How's Your Genius? Elizabeth Gilbert, author of Eat Pray Love, gave a passionate 19-minute TED talk (that must have been inspired by her genius) on the power of genius. It's worth a watch.

Ancient Rome had at least one thing right! Romans believed that genius wasn't exceptional intelligence or creativity–something we either have or don't have–instead Roman's believed that each person had a genius (plural genii–think genie) that was a guiding spirit or guardian angel.

If you did something amazing–whether it was stunningly brilliant, remarkably thoughtful, or unimaginably creative—you would say that your “genius” had guided you. Imagine a genius whispering to Einstein, "mass is energy" as he is reflecting on the composition of the universe or another genius humming "da-da-da-daaah" to Beethoven and he immediately writes the first bar of his 5th Symphony. Maybe these genii had whispered similar things to others, but only Einstein and Beethoven were ready to listen.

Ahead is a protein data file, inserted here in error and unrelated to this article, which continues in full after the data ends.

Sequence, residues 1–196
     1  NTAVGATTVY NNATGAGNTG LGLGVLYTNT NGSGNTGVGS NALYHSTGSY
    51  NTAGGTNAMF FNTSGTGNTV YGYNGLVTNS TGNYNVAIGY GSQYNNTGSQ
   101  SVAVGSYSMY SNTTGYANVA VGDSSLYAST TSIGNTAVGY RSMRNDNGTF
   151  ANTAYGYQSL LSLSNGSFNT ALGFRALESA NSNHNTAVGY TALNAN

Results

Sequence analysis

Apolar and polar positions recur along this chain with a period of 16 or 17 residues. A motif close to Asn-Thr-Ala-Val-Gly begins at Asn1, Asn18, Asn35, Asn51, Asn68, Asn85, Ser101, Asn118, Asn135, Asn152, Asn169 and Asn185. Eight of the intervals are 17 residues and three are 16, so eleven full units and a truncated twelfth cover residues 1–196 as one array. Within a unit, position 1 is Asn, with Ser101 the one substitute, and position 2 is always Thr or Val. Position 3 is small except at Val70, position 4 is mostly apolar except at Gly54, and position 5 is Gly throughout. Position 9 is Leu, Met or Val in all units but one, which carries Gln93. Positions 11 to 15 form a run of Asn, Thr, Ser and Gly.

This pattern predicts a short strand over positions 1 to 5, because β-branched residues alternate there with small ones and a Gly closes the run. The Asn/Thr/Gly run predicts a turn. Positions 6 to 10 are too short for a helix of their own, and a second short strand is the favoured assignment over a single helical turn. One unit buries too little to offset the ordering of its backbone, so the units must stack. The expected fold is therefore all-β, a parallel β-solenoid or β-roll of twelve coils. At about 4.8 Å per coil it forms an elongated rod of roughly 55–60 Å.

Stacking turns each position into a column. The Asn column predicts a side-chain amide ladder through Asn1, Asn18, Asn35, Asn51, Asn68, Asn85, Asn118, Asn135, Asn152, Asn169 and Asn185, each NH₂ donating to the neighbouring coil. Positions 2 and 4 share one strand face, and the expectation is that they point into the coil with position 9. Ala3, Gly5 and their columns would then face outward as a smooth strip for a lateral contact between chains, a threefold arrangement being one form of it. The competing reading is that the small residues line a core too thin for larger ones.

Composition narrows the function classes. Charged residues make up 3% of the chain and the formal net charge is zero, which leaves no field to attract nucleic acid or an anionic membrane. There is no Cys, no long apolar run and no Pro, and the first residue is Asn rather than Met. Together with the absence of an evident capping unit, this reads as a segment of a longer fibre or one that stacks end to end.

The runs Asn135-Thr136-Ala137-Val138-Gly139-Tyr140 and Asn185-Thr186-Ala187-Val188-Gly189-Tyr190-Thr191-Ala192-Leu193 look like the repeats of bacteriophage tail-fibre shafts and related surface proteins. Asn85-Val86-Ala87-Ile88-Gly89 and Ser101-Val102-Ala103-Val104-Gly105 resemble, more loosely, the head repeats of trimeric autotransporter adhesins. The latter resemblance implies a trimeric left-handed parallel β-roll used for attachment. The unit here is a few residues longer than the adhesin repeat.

Viewing intelligence or creativity in this way is incredibly liberating. What it means is that our responsibility is to develop our skills as much as possible, and be ready for the inspiring insights our our genius. If the genius doesn't show up on any given day, we need not worry. We've done our part as long as we're developing our talents, we've shown up to work and are listening in.

What do you need to do to make sure you can hear and act on the great advice your genius is sure to give you today?